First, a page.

The choirs (coros) are larger groups who travel through the streets on open flat-bed carts or wagons, singing with a small ensemble of guitars, bandurrias and lutes. Their characteristic composition is the "Carnival Tango", and their repertoir alternates between comical and serious, with special emphasis on lyrical homages to the city and its people. Their costumes are the most elaborate of all.

The comparsas are the serious counterparts to the chirigotas. Poetic lyrics and criticisms are their main ingredients. They usually tend to have a more elaborate polyphony, and they are easily recognized by the typical counter-tenor voice.

The quartets (cuartetos), oddly, can be composed of five, four, or three members. They don't use musical instruments, just a kazoo and two sticks to mark the rhythm. They use set-piece theatre scenes (pre-written sketches), improvisations and music, and are pure comedy.

The oldest and most traditional carnival characters in Cádiz are the romanceros. A romancero is a single individual in costume who uses posters on an easel to help him illustrate his story, reciting humorous verses while pointing at aspects of the pictures and drawings with a long stick.

The names chosen by the groups are very much part of the fun. The same group of singers will have a new name each year, reflecting their theme. They often involve dreadful puns, e.g. "Puretas del Caribe" (Pirates of the Caribbean), with pureta (old geezer) instead of pirata.

The songs
The specific musical forms have evolved over the years. In the early days popular music was used, and tropical rhythms were mixed with European dances and songs; only the lyrics changed. Towards the end of the 19th century, the musical identity of the Carnival was already mature, and, although most of the names (tango, pasodoble, couplet etc.) are shared with other musical forms around the world, their melodies, rhythms, and character are unmistakably original.  The lyrics, or letras, are often sung in a heavy Cádiz dialect, making them hard for us guiris to understand, but copies can often be found on the internet or in printed leaflets.

The Presentation is sung first, to present the characterisation (tipo) of the group. The style of the music is free and unstructured. It can take the form of a well-known song, an original composition, or even a spoken-word recitation.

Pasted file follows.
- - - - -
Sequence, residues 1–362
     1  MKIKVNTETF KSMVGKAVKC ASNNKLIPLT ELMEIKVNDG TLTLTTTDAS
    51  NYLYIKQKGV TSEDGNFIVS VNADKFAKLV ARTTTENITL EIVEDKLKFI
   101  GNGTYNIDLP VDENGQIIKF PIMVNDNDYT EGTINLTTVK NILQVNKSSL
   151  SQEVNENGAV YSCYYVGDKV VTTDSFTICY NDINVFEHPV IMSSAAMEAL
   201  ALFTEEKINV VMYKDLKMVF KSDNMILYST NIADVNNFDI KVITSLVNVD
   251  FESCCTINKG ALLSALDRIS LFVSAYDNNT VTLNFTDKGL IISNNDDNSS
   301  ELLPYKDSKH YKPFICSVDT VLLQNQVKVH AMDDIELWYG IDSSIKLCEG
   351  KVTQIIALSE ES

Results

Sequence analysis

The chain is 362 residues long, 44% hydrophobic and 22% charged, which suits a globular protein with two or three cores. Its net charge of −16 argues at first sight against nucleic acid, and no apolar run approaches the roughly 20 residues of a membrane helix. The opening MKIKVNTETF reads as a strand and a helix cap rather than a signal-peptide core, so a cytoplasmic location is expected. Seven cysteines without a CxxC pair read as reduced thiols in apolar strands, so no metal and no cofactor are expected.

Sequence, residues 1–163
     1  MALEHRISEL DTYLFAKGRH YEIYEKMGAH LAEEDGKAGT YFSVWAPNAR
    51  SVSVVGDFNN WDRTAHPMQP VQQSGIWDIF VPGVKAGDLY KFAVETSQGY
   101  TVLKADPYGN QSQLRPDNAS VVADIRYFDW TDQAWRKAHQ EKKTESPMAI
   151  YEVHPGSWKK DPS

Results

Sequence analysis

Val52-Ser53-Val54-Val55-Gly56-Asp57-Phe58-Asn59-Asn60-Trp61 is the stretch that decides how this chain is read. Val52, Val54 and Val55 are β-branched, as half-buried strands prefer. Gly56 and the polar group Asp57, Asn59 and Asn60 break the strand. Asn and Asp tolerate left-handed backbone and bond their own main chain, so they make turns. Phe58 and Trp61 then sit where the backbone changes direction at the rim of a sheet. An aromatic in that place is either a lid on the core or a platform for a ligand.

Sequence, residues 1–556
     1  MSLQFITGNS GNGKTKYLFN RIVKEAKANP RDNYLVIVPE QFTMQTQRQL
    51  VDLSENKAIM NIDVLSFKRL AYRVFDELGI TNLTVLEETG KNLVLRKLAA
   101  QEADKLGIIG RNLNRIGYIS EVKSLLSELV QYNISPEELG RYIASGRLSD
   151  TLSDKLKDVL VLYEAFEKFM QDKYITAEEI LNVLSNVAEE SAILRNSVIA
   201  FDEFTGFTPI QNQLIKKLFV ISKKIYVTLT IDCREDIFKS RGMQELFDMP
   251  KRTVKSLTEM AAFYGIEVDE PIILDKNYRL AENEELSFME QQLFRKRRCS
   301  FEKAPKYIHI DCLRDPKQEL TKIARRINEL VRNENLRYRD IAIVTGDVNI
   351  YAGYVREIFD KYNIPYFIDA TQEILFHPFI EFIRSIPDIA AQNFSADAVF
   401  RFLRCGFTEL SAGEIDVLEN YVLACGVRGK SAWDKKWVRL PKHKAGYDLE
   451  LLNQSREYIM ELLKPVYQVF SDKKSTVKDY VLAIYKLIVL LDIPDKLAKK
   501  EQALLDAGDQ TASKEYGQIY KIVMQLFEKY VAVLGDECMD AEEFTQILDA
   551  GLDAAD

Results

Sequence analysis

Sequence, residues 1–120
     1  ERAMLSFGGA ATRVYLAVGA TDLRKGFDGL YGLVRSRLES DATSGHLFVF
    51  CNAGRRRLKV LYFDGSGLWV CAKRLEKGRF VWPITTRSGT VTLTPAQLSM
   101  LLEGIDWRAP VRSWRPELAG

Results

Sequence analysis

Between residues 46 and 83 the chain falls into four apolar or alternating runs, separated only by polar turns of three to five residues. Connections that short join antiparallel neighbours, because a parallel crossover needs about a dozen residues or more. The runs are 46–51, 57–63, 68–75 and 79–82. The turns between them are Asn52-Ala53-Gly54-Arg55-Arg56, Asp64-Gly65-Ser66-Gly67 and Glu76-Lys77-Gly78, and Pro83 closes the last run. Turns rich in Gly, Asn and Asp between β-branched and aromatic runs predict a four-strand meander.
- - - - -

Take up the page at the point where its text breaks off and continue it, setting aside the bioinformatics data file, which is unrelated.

The Couplet (cuplé) is sung by the chirigotas, comparsas, coros and cuartetos. They are short satirical songs with a refrain that is always related to the costume and the characterisation tipo of the group.

The Pasodoble is a longer song without a refrain, and it is usually serious, criticising something that happened during the previous year or rendering an homage to someone. They are sung by comparsas and chirigotas.

The Tango, with its characteristic gaditano rhythm, is sung only by the
coros, accompanied by their orchestras.  The lyrics are mostly poetical compositions.

Potpourri (popurri), sung by all the groups, is a medley putting new lyrics to the tunes of well-known songs.

Here are some of the semifinalists for 2012:

Mejó no Salgo - "I´d better not come out" (chirigota).  A group of singing foetuses tell us why they would rather stay attached to their giant pink placenta than be born into 21st century Cádiz.
Viva la Pepi (chirigota) - A pun on "Viva la Pepa", Long live the Constitution.  Pepi the cleaner and her friends describe the trials and tribulations of life in Spain during el crisis.

Los Hijos del ´78 - "The Sons of '78" (coro).  
While Cádiz celebrates the bicentenary of the 1812 Constitution, these guys take us back to the heady days of 1978 when the latest version was signed.
Los que hundieron el Vaporcito  - "The ones who sank the little steamer" (cuarteto).   The Vaporcito is the local name for the ferry between Cádiz and El Puerto de Santa Maria, but this three-piece quartet are complaining about the catastrophic management of their local football team, El Vaporcito FC.

Bollywood (coro).  A beautifully turned-out choir, with fine singing and choreography.  Topics covered in their songs include an attack on members of the aristocracy being rude about the good people of Andalucia. 
Llámame Jesús - "Call me Jesus" (comparsa).  "Suffer little children to come unto me"; from the mouth of Jesus Christ comes a fierce attack on paedophilia concealed in the bosom of the Church.
The Cádiz Gospel Choir (coro).   The Choir's final popurrí , a wonderful, rocking, boisterous celebration of their native Cádiz,  left the audience stamping its feet for more at the Teatro de Falla.  There is reputedly an Alcalá man in there somewhere!

El que está resfriao, que arríe las velas
"Let the one who's got a cold lower the sails."  (cuarteto).  Sorry, haven´t got a clue ... everything was sung with a bunged-up doze!